Have you had moments of desperation?
Do you sometimes attempt to control or force?
Welcome to the club!
We all know intuitively that threatening or forcing children into doing what is right is not the best parenting practice, but it is actually quite common.
Let's take two steps together:
- Take a look at why we slip into threatening and guilting in the first place.
- Look for that middle ground where we lead our children to choose right and good on their own by focusing on being positive.
Using Threats and Guilt
Using threats and guilt in parenting may have more to do with the parents than the children. Are you in a hurry? Tired? Frustrated? Negative reactions are a lot about the reactor.
Embarrassed by our child's behavior (perhaps evidence of our supposed failure)--we may use threats and guilt for reasons other than correcting behavior.
Remembering Our Own Parents' Guilt Trips
Did we just invent these tactics? As much as we admire and love our own parents, it's possible we were raised with threats or guilt, and we simply reflect that now in our own parenting.
Do you have any memories of one of your parents saying something like this: "You can go ahead and wear that, honey, but you're hurting me deeply?"
We might be slipping back into worn-out patterns, and we can choose things that work better.
We don't have to stay stuck in cycles of guilting or threatening our children into choosing what's right, right? Right!
"You wouldn't do that if you really loved me?"
"Didn't I teach you better than that?"
"Stop it right now or you're grounded!"
The opposite of noticing and praising good behavior is what Blanchard calls "Leave alone, Zap!" We ignore the good behavior but jump into action when we see something "bad." This can inadvertently teach children that bad things earn them wanted attention, while good things do not.
Be conscious of your communication patterns. Positive consequences should be your first option and immediate. Dr. K. Richard Young explains, "Praise and positive rewards are better when we have a plan that puts specific expectations in place, praise is immediately given for the positive behavior, and we are consistent with our positive rewards."So telling our kids what we expect and then letting them know they've accomplished it is the formula for success.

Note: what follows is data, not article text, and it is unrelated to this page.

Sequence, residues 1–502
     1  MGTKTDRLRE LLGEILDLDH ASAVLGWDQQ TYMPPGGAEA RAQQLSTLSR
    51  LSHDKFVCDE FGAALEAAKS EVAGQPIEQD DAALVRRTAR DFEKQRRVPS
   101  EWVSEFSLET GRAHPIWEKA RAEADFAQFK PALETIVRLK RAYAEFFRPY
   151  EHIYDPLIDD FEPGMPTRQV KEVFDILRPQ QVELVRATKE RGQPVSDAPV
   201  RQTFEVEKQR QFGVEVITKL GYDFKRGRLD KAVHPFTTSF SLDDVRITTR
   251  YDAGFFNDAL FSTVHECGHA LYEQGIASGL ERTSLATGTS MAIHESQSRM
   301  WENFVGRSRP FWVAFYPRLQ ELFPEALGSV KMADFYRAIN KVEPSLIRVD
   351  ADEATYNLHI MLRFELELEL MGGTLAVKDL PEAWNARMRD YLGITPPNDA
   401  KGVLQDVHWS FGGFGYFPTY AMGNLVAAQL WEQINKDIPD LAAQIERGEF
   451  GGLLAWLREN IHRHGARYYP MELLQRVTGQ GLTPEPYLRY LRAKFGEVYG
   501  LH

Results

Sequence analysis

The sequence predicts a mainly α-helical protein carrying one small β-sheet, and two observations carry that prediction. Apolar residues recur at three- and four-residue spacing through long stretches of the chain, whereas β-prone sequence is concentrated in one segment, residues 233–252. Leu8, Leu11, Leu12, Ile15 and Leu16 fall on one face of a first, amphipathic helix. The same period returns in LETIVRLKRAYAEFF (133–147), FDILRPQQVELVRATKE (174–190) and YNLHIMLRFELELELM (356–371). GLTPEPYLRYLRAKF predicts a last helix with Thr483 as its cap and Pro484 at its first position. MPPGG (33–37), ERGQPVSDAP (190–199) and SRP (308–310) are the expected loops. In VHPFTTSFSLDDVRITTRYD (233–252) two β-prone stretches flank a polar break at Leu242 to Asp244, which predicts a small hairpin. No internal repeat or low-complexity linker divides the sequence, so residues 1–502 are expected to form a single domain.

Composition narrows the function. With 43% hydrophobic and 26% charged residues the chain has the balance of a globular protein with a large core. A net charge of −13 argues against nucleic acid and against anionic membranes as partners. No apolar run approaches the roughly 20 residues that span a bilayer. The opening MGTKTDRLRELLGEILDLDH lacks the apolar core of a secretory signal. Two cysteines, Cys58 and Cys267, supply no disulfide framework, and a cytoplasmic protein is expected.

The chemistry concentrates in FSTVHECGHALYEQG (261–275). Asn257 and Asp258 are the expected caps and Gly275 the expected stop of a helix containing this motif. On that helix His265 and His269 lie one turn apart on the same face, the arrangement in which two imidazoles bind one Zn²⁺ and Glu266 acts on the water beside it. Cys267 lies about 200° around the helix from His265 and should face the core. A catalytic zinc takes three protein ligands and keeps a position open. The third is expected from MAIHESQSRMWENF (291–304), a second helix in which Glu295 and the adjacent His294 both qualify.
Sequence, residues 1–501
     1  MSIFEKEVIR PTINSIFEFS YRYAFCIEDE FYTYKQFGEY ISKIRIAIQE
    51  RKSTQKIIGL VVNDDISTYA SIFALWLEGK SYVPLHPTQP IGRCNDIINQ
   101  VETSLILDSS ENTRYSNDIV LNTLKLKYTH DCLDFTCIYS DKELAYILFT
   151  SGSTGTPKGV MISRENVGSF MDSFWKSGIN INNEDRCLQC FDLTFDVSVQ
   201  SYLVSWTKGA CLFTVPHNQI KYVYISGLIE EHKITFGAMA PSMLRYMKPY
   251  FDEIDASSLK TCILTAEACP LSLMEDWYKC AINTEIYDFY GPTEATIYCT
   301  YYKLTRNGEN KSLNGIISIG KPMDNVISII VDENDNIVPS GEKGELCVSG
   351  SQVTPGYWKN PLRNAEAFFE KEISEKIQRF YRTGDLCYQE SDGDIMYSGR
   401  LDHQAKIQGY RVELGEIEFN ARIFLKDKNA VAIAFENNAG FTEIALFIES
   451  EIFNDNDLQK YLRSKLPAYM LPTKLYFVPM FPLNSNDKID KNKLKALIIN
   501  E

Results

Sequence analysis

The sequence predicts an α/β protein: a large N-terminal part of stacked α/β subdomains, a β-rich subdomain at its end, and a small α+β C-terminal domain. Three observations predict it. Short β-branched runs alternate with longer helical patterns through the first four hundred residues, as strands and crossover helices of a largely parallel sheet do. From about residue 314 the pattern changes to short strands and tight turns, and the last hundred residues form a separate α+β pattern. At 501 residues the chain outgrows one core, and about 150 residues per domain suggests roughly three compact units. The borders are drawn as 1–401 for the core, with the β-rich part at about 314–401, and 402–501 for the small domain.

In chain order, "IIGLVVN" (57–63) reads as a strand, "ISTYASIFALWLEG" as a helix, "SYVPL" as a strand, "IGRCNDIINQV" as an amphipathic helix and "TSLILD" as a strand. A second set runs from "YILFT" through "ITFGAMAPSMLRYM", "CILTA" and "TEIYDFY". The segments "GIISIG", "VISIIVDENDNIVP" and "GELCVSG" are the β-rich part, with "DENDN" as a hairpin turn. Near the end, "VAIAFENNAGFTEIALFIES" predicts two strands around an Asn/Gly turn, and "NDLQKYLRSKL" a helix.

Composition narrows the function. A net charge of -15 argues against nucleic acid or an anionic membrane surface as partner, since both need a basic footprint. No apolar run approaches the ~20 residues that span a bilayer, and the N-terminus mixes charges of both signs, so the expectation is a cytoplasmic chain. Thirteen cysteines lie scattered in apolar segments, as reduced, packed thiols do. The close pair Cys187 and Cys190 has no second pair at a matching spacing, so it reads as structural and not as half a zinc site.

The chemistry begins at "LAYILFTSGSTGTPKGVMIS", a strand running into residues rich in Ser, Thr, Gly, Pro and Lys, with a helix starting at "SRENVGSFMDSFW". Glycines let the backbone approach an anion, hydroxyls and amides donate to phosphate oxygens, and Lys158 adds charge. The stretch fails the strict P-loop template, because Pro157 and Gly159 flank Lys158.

We can actually teach our children to help us avoid using threats or guilt and to increase our use of positive consequences. Having a family home evening about the topic and telling the children we want to be more positive can contribute much to changing our behavior (which, in turn, will change the children's behavior, and further change ours). Round and round it goes, great Karma in the universe!
What if we were to attempt to "administer" two positive consequences to each of our children each day? What might change in our homes and relationships? One parent who tried this said, "I was surprised at all the good things I'd been missing."
Positive consequences need to be honest. Unconditional praise like "Wow you are great at the violin. You are awesome! The best!" if a child has not practiced and mastered her assigned music actually undercuts the child's sense of self-worth. Unconditional (unearned) praise will eventually cause a child to wonder, "Does she really think that's the best I can do? Am I actually good at anything?" Make praise honest, specific, and immediate: "You worked hard on that passage you just played, and it is sounding great."
Increasing the positive
You'll see an increase in positive behavior in your children as you increase your own positive outlook on their behavior. The saying "Respect begets respect" holds true in many areas of parenting. If we dial down the threats and guilt and turn up the positive consequences, our children will feel better about themselves and their abilities. They'll feel better about us and our parenting as well.
Marchant, M. & Young, R. (2005). 3 B's of effective parenting: Be proactive, be positive, and be consistent. Marriage and Families, (Winter), 18-25.